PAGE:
Bill Grant Column January 13, 2009

Republican lawmakers need to think realistically about gas drilling

“Cargo cults” emerged in the South Seas after World War II when islanders, missing the useful items like canned food, steel tools and medicine that came with the soldiers in airplanes, set up elaborate replicas of airfields, including wooden planes along runways hacked from the jungle, in hope of bringing the “cargo” back.

The rituals attracted no planes, the cargo never returned, and eventually the cults faded away, a nearly forgotten monument to the failure of magical thinking.

But the cargo-cult mentality is still alive, and lately its magical thinking has pervaded the GOP side of the Colorado Legislature. Led by Senate Minority Leader Josh Penry, these Guardians of Gas advocate lower taxes and minimal regulation as a solution to the problems facing the energy industry in western Colorado.

Lower taxes and less regulation are the GOP’s magical solution to all economic problems — local, state and national.

As part of an anti-tax coalition, many of these legislators opposed Gov. Bill Ritter’s attempt to repeal the ad valorem tax credit for energy companies. Failure of that effort cost the state up to $300 million in revenue that might now be used to alleviate the economic downturn. Instead, the state will be hoping for federal bailout dollars to repair infrastructure damaged by the industry.

There is no evidence that defeating Ritter’s gas tax proposal has prevented any drillers from reducing their rig counts or curtailing expansion plans.

Now the anti-regulation Guardians have targeted the rules formulated by the Colorado Oil and Gas Conservation Commission to protect public health and wildlife as the next solution to keeping the gas boom from declining. Unless the rules are either scuttled entirely or radically weakened, they say, the boom will go away and Colorado’s good economic times will sink into the malaise that infects the rest of the country.

Up to this point, little evidence has been presented to demonstrate that the proposed state rules have caused the decline in drilling. Though some industry representatives routinely add the new rules to their list of reasons for shutting down rigs or curtailing expansion plans, they place primary emphasis on low gas prices and lack of available pipeline capacity for western Colorado gas.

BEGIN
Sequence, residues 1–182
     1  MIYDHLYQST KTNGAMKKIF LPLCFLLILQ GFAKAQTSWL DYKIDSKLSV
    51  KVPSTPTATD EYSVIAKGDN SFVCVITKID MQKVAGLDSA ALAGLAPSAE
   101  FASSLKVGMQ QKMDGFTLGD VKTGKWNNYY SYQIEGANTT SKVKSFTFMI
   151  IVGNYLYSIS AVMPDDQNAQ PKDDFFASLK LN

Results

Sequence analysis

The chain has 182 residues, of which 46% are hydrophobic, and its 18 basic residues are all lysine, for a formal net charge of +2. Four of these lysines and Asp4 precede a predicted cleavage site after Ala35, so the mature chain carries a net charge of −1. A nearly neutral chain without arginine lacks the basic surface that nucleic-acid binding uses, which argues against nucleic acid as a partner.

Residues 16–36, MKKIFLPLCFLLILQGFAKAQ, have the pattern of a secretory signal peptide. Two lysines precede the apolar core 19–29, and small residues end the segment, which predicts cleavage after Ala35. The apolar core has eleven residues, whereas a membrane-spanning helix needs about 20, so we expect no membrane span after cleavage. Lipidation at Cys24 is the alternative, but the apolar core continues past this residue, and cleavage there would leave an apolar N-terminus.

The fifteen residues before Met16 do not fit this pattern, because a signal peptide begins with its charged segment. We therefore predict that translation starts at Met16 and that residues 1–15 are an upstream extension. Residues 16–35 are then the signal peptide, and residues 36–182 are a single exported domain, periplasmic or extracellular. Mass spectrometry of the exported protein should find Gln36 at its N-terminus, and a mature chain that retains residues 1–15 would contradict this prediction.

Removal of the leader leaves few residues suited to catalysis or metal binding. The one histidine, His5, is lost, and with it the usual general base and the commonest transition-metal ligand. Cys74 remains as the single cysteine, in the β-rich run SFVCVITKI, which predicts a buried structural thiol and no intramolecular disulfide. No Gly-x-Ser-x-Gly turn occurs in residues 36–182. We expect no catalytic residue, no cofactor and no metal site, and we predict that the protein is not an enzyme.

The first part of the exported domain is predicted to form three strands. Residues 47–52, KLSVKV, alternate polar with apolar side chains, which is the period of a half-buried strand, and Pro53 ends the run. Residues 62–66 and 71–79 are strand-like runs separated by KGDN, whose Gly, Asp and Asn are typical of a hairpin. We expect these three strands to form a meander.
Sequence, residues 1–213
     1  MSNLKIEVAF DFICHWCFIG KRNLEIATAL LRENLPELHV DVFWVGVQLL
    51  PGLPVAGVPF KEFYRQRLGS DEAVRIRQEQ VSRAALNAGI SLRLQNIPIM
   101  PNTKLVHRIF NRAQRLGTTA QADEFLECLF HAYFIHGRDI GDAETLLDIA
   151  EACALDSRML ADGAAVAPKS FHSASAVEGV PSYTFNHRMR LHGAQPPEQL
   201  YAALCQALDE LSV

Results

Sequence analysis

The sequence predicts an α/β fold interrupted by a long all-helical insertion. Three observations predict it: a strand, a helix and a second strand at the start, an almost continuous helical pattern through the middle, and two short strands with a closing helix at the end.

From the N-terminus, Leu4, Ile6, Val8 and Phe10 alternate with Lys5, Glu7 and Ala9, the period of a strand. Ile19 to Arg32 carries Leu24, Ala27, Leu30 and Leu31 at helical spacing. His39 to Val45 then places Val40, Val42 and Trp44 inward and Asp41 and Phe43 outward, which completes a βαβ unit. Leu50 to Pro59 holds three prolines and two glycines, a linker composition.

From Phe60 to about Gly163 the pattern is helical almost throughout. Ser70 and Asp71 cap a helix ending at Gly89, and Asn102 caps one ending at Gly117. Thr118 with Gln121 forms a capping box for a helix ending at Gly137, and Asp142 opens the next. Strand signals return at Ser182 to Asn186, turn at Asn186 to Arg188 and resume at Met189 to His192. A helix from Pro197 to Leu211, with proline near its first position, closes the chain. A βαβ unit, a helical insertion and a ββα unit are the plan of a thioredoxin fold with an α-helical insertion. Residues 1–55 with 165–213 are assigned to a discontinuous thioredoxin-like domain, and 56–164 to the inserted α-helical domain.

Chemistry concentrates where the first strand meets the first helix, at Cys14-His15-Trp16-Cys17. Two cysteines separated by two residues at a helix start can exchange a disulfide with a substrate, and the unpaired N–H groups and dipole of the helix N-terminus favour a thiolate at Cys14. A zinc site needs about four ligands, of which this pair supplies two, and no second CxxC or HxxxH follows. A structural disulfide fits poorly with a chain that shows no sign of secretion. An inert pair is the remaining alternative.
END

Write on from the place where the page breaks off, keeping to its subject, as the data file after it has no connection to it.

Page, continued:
In fact, thirteen companies are already complying with the new rules, while others are working with COGCC to develop compliance plans. As a Chevron official says, “It would be false” to blame the drilling slowdown on the new regulations. Actually, more complaints about the rules seem to be coming from the paid public relations and lobbying staff at the Colorado Oil and Gas Association, and their allies in the Legislature, than from the energy companies. It was an
Oil and Gas Association vice president who called the passage of the rules, “a sad day for Colorado’s economic well-being,” not a company official.

Reductions in gas drilling in western Colorado are the result of forces beyond the power of the Legislature to influence. Industry analysts predict that from 700 to 1,000 rigs nationally will shut down next year. It is inevitable that some of these rigs will come from western Colorado.

Market conditions, including pipeline availability, will be the major factors determining how many will go, and when they might return.

While simple adjustments like that proposed by Rep. Kathleen Curry might be necessary before the rules are adopted, wholesale rewriting or rejection of the rules is not called for.

GOP leaders should forgo the magical thinking that lower taxes and decreased regulation will preserve the energy boom. The rigs didn’t just mysteriously disappear, and they will not magically return.

Oil and gas is only one sector of Colorado’s diverse economy, every part of which is required to lift the state out of recession. Since the new state rules protect other important economic drivers, including amenities-based communities and businesses, tourism and recreation, hunting and fishing and public health, allowing these activities to be weakened to protect the energy industry would be a serious mistake.

Penry and his followers should join the effort to establish a balanced economy in Colorado, of which energy extraction is only a significant part. Then if the drilling downturn is prolonged, or the jobs don’t come back at all, Colorado will still be economically strong as well as environmentally healthy.

Bill Grant can be reached at .(JavaScript must be enabled to view this email address).


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